The warring sides had agreed to a five-day pause to allow humanitarian organizations to get supplies to civilians caught up in the violence. But smaller scale clashes have continued since it went into effect late Tuesday
Aid groups say the lull has made a difference.
"Despite reports of heavy fighting in certain parts of the country, lifesaving supplies are reaching hospitals, health centers, affected communities and displaced people," UNICEF, the U.N. program that helps children and mothers, said Sunday.
But an intensification in violence is feared after the truce ends at 11 p.m. Sunday (4 p.m. ET).
In the conflict, Shiite Muslim rebels from the north of the country, known as Houthis
, are clashing with forces loyal to President Abdu Rabu Mansour Hadi, whom the Houthis ousted earlier this year.
A coalition of Arab nations led by Saudi Arabia is backing Hadi and has been carrying out a campaign of airstrikes on the Houthis and their allies since late March.
Complicating the picture, the Houthis have support from some Yemeni military units that remain loyal to Hadi's predecessor, Ali Abdullah Saleh.
Saudi Arabia fears that Houthi control of Yemen would strengthen the hand of its bitter regional opponent, Iran. But the exact nature of the links between the Houthis and the Iranian regime are unclear.
Yemen is also the stronghold of Al Qaeda in the Arabian Peninsula, which has taken advantage of the increased unrest to try to expand its reach.
Talks on the conflict, called for by Hadi, were scheduled to take place Sunday in Riyadh, Saudi Arabia
. But the Houthis and Saleh weren't expected to attend, making it uncertain what progress could be achieved. Hadi is currently in exile in Saudi Arabia.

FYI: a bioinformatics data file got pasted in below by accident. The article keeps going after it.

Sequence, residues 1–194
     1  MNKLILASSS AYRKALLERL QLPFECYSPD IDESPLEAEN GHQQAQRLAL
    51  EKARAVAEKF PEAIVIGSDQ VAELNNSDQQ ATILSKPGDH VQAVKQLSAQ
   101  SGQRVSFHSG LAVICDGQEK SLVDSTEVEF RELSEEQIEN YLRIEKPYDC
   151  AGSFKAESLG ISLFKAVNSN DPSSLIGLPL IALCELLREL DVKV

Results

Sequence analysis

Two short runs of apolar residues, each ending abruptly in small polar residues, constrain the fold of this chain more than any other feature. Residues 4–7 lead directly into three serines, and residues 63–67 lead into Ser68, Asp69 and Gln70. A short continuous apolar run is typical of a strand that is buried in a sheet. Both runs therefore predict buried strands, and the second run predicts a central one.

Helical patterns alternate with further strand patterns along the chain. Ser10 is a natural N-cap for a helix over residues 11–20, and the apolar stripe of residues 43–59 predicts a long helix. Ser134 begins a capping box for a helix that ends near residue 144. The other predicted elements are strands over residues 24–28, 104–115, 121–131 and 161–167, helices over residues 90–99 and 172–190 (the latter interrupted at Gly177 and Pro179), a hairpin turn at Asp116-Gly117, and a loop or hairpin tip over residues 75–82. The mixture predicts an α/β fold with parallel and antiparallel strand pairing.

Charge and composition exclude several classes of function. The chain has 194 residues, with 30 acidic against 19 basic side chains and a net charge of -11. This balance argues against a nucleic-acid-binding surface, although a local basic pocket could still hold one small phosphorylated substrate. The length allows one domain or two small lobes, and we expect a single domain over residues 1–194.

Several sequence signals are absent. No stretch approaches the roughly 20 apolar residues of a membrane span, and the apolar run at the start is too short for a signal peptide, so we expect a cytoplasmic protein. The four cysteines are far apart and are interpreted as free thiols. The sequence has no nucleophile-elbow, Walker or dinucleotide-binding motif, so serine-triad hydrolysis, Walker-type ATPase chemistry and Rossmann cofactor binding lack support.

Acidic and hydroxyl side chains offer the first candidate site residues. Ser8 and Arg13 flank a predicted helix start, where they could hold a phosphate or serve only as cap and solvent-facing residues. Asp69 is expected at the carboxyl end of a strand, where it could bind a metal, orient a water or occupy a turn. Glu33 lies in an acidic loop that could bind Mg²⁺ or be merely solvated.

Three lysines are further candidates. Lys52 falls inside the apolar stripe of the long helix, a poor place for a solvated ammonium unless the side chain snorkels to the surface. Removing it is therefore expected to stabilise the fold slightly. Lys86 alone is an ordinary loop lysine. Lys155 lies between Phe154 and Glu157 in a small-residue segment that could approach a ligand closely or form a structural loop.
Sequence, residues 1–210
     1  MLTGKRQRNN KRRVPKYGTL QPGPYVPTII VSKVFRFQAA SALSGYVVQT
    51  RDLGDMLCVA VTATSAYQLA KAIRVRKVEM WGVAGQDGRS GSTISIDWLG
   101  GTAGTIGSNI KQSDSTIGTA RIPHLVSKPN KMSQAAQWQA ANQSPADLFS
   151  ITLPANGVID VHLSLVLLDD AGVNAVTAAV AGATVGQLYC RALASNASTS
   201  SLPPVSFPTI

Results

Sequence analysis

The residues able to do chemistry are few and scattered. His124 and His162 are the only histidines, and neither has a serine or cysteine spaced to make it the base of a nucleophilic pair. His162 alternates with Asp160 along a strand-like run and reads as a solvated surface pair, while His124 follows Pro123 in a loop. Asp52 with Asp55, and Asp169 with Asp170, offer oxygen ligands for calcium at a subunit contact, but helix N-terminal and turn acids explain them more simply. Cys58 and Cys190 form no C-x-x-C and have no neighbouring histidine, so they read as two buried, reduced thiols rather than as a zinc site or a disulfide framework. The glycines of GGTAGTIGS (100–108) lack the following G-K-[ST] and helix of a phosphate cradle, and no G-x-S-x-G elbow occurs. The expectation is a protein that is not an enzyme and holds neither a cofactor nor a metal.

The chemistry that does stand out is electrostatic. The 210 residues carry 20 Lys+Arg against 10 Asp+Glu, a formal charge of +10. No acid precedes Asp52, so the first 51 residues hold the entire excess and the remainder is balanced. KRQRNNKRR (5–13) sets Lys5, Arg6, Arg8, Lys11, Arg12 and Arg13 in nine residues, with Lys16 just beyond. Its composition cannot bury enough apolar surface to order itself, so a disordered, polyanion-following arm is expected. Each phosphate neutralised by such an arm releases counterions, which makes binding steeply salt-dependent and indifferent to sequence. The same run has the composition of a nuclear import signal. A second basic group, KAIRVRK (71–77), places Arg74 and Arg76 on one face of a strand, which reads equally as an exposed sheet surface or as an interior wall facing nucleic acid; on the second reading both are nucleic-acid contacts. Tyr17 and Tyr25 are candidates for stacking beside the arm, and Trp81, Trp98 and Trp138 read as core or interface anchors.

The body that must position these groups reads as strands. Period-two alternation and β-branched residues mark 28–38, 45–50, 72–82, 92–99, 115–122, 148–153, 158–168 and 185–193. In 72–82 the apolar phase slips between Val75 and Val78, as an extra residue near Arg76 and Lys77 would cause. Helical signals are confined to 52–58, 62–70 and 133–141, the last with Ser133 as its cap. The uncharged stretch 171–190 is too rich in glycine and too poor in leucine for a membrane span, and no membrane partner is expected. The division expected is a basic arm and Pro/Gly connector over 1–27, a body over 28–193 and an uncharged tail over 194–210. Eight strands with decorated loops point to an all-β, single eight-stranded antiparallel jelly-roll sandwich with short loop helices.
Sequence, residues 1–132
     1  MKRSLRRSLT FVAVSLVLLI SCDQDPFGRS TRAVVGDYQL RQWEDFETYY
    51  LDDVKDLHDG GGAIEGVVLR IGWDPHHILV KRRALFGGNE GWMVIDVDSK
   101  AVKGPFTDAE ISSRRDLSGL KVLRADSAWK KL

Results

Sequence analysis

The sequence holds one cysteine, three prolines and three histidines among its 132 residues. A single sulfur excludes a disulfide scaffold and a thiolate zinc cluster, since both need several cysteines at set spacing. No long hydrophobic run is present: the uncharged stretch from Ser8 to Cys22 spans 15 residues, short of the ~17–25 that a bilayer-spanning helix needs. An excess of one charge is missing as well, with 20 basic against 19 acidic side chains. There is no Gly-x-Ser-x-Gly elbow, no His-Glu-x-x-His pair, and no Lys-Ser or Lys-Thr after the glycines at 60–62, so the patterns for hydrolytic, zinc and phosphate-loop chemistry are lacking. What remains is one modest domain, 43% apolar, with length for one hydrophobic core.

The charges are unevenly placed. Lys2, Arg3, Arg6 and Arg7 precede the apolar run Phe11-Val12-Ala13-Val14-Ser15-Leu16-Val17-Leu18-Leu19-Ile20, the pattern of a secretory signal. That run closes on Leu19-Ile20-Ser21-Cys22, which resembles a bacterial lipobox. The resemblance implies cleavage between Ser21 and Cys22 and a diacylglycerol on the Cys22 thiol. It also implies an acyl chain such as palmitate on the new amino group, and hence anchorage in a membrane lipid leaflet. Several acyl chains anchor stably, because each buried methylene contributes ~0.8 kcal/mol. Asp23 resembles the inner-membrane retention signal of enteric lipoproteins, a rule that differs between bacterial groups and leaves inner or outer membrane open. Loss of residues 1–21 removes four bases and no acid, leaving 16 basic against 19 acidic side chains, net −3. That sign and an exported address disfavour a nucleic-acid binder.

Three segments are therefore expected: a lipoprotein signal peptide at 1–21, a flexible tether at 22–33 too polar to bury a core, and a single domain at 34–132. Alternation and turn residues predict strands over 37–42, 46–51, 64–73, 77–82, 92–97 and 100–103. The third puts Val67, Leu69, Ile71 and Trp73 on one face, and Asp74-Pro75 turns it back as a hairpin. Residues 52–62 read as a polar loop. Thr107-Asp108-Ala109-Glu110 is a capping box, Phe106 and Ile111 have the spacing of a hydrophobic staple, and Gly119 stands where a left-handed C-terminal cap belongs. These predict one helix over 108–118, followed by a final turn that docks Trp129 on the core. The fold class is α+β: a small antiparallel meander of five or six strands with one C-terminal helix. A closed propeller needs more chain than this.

Hundreds of civilians killed
The start of the Saudi-led air campaign against the Houthis intensified the conflict in Yemen, setting off a humanitarian crisis.
The U.N. said last week
that it had verified 828 civilian deaths since the airstrikes began in late March. It also estimated that 450,000 Yemenis have been driven from their homes
by the recent fighting. Thousands of people have fled the country.
The humanitarian pause in recent days has enabled aid groups to address some of the most critical problems facing residents but does nothing to solve the broader crisis.
"Humanitarian assistance cannot replace the needs of 26 million people who have been cut off from a regular supply of commercial imports of food and fuel," said Julien Harneis, a UNICEF representative in Yemen.
During the pause in fighting, huge lines formed at some gas stations in Sanaa, the Yemeni capital, as residents rushed to try to stock up, according to one man, who declined to be identified.
He said the halt in bombings and antiaircraft fire was welcome but that many difficulties remained, notably the shortage of food, electricity and medical supplies.
Some people who could afford it seized the opportunity to board flights out of the country.